Cubs

Dempster vs. Lilly matchup falls flat

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Dempster vs. Lilly matchup falls flat

Saturday, April 23, 2011
Posted: 5:22 p.m.
By Patrick MooneyCSNChicago.com

Ryan Dempster stood alone on the mound and rubbed his eyes and adjusted his hat. It was almost as if he couldnt believe what he was watching.

Rod Barajas had just deposited an 85 mph slider into the left-center field seats, a game-tying homer in the sixth inning. The Cubs certainly didnt see this coming. Their Opening Day starter now has a 7.63 ERA.

Hes done it for too many years, manager Mike Quade said. You believe hes going to get himself back in sync.

Saturdays pitching matchup between Dempster and Ted Lilly didnt really live up to the hype. Ultimately, the Cubs came back to beat the Los Angeles Dodgers 10-8. But competing against one of his best friends didnt exactly bring out the best in Dempster.

Dempster threw three sliders that wound up in the bleachers and was charged with seven runs on nine hits. A 5-1 lead evaporated on his watch. Hes now given up eight home runs in 30.2 innings this season.

The good news for Dempster was that Lilly didnt pitch any better.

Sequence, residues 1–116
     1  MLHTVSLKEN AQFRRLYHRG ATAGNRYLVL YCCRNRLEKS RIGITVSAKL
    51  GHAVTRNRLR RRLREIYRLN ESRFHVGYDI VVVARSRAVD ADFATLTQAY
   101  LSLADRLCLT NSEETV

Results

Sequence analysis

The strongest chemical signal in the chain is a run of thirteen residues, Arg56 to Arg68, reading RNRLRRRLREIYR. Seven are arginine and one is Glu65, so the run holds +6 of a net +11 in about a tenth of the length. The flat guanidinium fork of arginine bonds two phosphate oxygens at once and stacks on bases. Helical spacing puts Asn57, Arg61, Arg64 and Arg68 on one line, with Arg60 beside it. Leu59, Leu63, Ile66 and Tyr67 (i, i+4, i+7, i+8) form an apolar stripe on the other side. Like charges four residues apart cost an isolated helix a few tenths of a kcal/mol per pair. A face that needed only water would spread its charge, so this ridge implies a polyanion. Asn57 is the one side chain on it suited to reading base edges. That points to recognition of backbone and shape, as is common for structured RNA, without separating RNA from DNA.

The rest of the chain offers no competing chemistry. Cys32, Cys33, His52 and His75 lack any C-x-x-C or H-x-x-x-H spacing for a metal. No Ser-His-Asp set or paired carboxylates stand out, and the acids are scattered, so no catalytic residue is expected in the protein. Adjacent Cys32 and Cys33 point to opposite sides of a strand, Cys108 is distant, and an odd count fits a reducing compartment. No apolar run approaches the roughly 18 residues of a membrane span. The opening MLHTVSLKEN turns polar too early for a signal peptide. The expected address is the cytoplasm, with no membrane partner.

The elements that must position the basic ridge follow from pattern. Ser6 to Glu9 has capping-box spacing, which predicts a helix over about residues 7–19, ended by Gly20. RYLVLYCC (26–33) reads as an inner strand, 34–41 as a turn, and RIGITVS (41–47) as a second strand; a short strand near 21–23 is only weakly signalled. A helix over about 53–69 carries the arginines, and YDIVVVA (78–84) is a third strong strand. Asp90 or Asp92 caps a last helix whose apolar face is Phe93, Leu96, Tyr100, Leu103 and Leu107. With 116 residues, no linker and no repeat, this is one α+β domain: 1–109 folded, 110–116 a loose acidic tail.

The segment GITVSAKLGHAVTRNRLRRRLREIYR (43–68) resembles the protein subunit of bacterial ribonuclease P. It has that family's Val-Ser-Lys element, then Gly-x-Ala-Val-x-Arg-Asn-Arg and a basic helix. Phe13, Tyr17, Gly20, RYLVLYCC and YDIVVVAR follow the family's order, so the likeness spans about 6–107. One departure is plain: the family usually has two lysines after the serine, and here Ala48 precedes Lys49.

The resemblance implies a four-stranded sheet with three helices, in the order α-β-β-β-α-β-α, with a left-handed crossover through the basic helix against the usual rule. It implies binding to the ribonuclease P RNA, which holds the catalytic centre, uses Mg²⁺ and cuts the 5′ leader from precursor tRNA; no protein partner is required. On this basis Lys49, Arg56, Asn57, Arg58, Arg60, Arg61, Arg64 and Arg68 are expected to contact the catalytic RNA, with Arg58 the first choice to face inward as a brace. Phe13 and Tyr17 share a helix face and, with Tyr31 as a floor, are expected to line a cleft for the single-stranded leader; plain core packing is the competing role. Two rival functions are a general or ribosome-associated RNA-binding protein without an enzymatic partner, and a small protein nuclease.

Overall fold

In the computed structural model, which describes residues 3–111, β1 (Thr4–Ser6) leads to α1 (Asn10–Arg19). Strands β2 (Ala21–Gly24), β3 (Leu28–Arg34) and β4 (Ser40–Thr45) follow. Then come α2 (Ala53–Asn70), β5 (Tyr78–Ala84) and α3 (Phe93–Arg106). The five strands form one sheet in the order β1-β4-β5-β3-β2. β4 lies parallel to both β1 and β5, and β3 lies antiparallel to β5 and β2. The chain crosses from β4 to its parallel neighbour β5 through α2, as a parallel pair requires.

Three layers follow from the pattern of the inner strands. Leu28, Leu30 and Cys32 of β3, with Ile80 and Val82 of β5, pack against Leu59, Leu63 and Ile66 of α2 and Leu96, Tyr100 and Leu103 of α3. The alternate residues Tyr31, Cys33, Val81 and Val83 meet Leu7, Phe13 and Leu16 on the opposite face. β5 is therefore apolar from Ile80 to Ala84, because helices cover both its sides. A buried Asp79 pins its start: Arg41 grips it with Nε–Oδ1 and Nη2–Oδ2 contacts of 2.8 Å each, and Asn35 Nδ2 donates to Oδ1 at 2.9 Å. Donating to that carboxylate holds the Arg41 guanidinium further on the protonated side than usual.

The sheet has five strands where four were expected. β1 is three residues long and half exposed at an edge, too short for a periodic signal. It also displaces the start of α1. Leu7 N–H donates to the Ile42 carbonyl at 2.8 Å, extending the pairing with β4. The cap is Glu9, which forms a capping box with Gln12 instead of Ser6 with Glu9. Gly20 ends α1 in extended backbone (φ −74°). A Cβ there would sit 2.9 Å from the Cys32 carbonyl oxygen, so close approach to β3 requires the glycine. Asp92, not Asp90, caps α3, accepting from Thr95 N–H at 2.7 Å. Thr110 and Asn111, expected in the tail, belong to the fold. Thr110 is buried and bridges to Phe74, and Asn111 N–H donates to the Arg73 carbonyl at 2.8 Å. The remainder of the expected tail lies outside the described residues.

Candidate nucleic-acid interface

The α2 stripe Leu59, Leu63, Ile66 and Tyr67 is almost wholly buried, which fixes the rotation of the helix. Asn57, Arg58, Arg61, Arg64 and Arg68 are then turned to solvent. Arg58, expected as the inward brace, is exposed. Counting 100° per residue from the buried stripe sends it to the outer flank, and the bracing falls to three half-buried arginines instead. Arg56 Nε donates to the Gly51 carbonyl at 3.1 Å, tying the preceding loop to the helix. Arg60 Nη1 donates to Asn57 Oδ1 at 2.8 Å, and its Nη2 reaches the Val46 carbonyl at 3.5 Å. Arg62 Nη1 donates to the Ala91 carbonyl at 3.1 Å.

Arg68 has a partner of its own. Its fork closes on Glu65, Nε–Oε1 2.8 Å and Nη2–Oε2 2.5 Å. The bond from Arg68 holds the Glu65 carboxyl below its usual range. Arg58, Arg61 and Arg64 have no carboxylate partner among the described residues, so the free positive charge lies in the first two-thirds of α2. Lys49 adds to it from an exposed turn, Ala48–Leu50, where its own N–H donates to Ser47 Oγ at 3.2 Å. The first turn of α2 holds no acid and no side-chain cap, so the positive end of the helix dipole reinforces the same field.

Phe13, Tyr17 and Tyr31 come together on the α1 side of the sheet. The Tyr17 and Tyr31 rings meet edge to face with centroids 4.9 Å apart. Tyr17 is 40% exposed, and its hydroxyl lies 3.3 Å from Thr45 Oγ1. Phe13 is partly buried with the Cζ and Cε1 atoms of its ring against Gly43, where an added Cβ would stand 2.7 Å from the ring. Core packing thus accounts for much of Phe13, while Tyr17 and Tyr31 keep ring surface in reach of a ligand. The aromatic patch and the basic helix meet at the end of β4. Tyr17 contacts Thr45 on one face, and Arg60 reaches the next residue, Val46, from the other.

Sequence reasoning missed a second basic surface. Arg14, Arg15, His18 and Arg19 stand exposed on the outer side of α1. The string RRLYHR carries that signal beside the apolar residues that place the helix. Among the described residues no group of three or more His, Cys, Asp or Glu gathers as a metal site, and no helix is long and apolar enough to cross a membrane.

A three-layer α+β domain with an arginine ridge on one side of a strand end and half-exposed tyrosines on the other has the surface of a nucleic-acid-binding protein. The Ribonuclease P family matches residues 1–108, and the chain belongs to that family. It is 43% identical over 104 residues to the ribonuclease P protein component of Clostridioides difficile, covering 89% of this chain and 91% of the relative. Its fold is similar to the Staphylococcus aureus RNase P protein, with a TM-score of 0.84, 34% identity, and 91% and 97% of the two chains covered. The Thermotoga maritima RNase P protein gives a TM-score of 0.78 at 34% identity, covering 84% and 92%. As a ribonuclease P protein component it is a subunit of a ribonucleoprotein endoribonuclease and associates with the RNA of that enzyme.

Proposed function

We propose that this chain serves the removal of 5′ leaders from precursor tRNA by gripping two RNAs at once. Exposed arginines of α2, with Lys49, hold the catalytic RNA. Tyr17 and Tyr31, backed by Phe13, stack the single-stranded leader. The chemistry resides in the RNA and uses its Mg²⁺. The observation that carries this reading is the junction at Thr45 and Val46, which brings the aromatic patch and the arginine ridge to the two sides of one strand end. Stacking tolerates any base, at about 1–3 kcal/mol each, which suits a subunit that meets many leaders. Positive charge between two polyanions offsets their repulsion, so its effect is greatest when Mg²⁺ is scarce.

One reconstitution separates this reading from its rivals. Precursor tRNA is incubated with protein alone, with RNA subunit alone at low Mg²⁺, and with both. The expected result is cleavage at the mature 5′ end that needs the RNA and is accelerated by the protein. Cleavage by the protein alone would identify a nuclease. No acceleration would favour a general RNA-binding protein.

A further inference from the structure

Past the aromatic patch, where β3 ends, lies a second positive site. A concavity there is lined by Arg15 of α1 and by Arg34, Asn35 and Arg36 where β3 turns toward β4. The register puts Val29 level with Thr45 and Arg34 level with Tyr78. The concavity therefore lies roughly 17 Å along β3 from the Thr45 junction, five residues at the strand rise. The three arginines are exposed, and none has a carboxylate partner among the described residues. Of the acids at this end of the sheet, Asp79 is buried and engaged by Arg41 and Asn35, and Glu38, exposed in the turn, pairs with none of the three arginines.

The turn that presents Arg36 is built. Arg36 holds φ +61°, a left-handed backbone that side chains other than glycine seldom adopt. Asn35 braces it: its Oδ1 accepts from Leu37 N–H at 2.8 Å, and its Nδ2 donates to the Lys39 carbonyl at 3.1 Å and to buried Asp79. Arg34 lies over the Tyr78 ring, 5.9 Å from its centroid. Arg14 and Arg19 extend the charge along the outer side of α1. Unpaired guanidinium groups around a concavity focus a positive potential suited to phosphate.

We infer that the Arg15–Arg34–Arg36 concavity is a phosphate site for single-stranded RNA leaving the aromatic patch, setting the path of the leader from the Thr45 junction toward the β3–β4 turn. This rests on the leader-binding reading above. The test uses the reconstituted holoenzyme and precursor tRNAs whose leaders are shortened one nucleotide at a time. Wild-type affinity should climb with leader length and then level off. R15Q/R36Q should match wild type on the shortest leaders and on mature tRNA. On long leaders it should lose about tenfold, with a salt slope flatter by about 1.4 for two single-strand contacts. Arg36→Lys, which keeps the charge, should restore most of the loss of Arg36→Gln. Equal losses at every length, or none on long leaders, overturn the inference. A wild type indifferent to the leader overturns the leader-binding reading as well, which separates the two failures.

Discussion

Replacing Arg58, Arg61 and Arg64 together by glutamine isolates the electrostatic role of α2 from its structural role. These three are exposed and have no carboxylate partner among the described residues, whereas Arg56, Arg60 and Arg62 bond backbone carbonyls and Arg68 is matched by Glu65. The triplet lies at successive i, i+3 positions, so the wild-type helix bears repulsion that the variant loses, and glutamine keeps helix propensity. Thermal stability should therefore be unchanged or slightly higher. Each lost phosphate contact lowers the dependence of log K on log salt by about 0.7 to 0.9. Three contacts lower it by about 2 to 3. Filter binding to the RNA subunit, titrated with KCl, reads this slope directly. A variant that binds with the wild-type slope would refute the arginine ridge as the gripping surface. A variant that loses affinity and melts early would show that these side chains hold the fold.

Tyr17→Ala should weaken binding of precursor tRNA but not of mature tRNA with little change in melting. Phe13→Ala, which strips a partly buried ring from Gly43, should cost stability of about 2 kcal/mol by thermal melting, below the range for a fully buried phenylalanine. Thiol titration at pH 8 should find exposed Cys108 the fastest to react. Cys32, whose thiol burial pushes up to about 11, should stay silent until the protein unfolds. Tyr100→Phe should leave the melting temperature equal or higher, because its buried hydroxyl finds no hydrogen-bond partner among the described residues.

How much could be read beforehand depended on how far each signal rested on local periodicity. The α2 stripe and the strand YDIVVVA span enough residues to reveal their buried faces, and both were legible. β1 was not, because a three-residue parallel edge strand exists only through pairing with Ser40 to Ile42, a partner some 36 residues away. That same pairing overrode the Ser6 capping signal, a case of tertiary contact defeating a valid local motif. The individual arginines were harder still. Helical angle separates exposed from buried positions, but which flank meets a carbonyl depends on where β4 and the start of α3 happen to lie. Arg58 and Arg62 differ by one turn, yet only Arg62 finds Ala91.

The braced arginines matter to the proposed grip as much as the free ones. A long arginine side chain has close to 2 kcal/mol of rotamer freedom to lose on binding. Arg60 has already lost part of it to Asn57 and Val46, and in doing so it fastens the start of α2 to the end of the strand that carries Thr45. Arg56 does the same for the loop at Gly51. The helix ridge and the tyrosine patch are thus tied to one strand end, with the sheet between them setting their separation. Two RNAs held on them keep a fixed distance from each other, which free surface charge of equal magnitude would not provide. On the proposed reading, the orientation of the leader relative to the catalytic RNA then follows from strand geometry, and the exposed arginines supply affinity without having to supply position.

I wish we both could have hadwell, actually, I dont really wish (Lilly) had better results, Dempster said. I wish I could have done a better job, but at the end of the day, we won the game, and thats all that matters. Its about Ws for our team.

Lilly didnt know what sort of reaction hed get at Wrigley Field. In the end, there were no loud cheers or boos, just a kind of indifference.

The buzz should have been back 63 degrees and sunny for a marquee opponent. There was a standing-room-only crowd of 41,161 and Arcade Fire singing the seventh-inning stretch.

The response wouldnt have really mattered, because Lilly was always harder on himself than everyone else. But as Lilly walked off the mound in the fifth inning, the fans essentially shrugged their shoulders.

Lilly never lit up the radar gun, but found a way to survive by changing speeds, creating angles and locating his pitches with pinpoint precision. But this time he didnt get by with guts.